Jackfruit Curry With Bell Peppers, Cashews, and Lime Leaf

Jackfruit Curry

Sfllaw / Flickr / CC BY-SA 2.0

Prep: 25 mins
Cook: 10 mins
Total: 35 mins
Servings: 4 servings
Nutritional Guidelines (per serving)
301 Calories
22g Fat
23g Carbs
5g Protein
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Nutrition Facts
Servings: 4
Amount per serving
Calories 301
% Daily Value*
Total Fat 22g 28%
Saturated Fat 13g 65%
Cholesterol 0mg 0%
Sodium 1385mg 60%
Total Carbohydrate 23g 9%
Dietary Fiber 3g 12%
Total Sugars 13g
Protein 5g
Vitamin C 96mg 481%
Calcium 77mg 6%
Iron 3mg 18%
Potassium 618mg 13%
*The % Daily Value (DV) tells you how much a nutrient in a food serving contributes to a daily diet. 2,000 calories a day is used for general nutrition advice.
(Nutrition information is calculated using an ingredient database and should be considered an estimate.)

This jackfruit curry recipe is delicious and makes for a fantastic vegetarian or vegan main dish. Green jackfruit (purchased frozen or canned) is remarkably similar to the consistency of chicken and is even referred to as "vegetable meat" in many parts of Southeast Asia. In Thailand, fresh jackfruit ("khanun"), which is a prickly-looking fruit similar to durian, can be found fresh or dried in the marketplaces. Jackfruit is very healthy, loaded with numerous vitamins and minerals, plus isoflavones, phytonutrients, and anti-oxidants.

Ingredients

For the Paste:

  • 5 leaf lime leaves, fresh or frozen

  • 3 medium (4-1/8" long) spring onions, sliced

  • 1 redchile pepper, or more to taste

  • 4 garlic cloves

  • 1 tablespoon lemon juice, or lime juice

  • 2 tablespoons fish sauce

  • 1/2 cup fresh basil leaves

  • 2 tablespoons coconut oil , or canola or olive oil

  • 2 tablespoons soy sauce

  • 1 teaspoon dark soy sauce

  • 1 teaspoon sugar

  • 1 package jackfruit (frozen, preferably unripe and green, or 1 can prepared jackfruit in brine, not syrup, drained)

  • 2 tablespoons oil

  • 1 small onion, cut into 8 wedges

  • 3 to 4 tablespoons white wine

  • 1 green bell pepper, deseeded and chopped or sliced

  • 1 red bell pepper, deseeded and chopped or sliced

  • 1/3 to 1/2 (14-ounce) can coconut milk (depending on how much sauce you prefer)

  • 3/4 cup unsalted cashews, dry roasted

  • 1/4 cups fresh basil leaves, for garnish

Steps to Make It

  1. Prepare the lime leaves using scissors to cut out the hard central stem; discard stem. If lime leaves are frozen, you can quickly thaw them by running under some hot water. 

  2. Place all paste ingredients together in a food processor or mini-chopper and process well. Alternatively, you can pound the dry ingredients together using a pestle and mortar, then add wet ingredients to combine. If you do not have either of these tools, simply mince dry ingredients finely by hand, then stir to combine them with wet ingredients in a small bowl. Set paste aside.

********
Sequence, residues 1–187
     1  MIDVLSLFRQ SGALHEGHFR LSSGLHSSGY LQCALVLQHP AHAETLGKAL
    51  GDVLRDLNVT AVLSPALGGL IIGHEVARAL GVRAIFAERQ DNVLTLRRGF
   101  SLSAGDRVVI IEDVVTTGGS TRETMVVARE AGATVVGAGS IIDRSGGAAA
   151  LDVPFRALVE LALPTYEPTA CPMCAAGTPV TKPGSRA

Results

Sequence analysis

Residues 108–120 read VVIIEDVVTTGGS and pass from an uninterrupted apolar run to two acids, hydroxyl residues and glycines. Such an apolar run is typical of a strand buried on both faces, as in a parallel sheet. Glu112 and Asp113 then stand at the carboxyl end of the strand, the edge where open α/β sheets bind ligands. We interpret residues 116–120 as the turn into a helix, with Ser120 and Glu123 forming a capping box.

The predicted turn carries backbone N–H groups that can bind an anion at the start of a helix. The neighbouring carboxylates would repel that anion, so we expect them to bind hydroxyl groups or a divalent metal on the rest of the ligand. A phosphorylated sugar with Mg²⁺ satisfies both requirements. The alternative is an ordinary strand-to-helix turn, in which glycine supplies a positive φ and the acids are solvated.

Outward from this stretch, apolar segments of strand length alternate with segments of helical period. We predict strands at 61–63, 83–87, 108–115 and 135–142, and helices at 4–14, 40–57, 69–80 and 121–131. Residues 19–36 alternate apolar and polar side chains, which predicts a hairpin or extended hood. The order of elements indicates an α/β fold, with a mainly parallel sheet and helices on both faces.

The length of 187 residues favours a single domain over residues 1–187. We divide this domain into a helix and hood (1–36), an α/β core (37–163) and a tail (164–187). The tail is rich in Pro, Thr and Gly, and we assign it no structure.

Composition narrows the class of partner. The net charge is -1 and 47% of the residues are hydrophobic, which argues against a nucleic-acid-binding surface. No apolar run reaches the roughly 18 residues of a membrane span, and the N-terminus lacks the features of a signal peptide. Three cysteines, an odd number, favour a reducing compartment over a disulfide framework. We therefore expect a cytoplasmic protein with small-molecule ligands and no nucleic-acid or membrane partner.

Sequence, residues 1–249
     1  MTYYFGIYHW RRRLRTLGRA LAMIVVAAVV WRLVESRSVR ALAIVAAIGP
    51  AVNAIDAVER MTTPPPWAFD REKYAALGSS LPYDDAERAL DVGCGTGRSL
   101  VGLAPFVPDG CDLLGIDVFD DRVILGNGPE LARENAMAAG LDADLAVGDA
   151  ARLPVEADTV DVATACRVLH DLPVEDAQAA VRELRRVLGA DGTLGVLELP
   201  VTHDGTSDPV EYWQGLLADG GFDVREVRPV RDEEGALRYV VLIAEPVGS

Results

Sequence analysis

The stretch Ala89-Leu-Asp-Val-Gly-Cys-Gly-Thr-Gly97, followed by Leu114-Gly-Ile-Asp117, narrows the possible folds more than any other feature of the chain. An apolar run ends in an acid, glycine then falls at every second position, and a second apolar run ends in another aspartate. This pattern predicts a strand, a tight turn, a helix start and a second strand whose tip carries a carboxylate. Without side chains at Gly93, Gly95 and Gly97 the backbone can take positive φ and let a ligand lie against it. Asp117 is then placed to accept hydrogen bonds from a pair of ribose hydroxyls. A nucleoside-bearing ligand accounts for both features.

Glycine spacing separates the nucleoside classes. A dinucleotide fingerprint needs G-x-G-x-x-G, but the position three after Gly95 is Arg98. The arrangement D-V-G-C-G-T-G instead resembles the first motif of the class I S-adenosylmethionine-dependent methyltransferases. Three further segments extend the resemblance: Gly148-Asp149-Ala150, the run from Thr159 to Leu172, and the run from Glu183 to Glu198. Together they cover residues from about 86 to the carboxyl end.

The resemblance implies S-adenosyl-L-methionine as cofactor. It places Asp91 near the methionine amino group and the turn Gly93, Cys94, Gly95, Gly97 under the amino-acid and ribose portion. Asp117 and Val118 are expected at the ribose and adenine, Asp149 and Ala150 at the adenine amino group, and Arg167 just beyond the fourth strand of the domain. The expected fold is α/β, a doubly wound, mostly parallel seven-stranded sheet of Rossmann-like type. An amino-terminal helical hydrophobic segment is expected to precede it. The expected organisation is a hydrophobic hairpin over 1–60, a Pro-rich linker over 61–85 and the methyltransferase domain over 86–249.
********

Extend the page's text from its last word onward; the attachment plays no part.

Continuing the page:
3. Cut the jackfruit into desired bite-sized pieces, either in strips, cubes, or chunks (as you would with chicken). Set aside.

  4. Place 2 tablespoons oil in a wok or deep frying pan over medium-high heat. Add the onion and stir-fry 2 to 3 minutes. Add a little of the wine (1/2 to 1 tablespoons at a time) instead of more oil whenever the pan becomes dry.

  5. Add the bell peppers. If using unripe and green jackfruit, add it now as well. Continue stir-frying another 2 to 3 minutes, or until peppers have softened and turned bright in color. Again, add a little wine when pan becomes dry to keep ingredients frying nicely.

  6. Add the paste you made earlier, plus the coconut milk (start by adding 1/3 can). If using ripe or prepared jackfruit, add it now. Stir well to combine.

  7. Reduce heat to medium-low, allowing the curry to gently simmer 2 to 3 minutes, or until ingredients are nicely cooked, but not too soft (bell peppers should still retain their firmness and color). Try not to overcook this curry, or you will lose the fragrance and taste of the paste. When done, the green jackfruit should shred easily (like chicken). If using ripe, unsweetened jackfruit, it should be soft but not mushy in texture.

  8. Just before serving, add the cashews, gently stirring them in. Now do a taste-test, looking for a balance of salty, sour, sweet, and spicy. If not salty enough, add more fish sauce, soy sauce, or a little salt. If too salty for your taste, add another squeeze of lemon or lime juice. If not spicy enough, add more fresh chile. If too spicy (or if you prefer more sauce), add a little more coconut milk. Add a little more sugar if too sour.

  9. To serve, either portion out into bowls or onto plates, or ladle the curry into a serving dish. Sprinkle with generous amounts of fresh basil, and serve with plenty of Thai jasmine-scented rice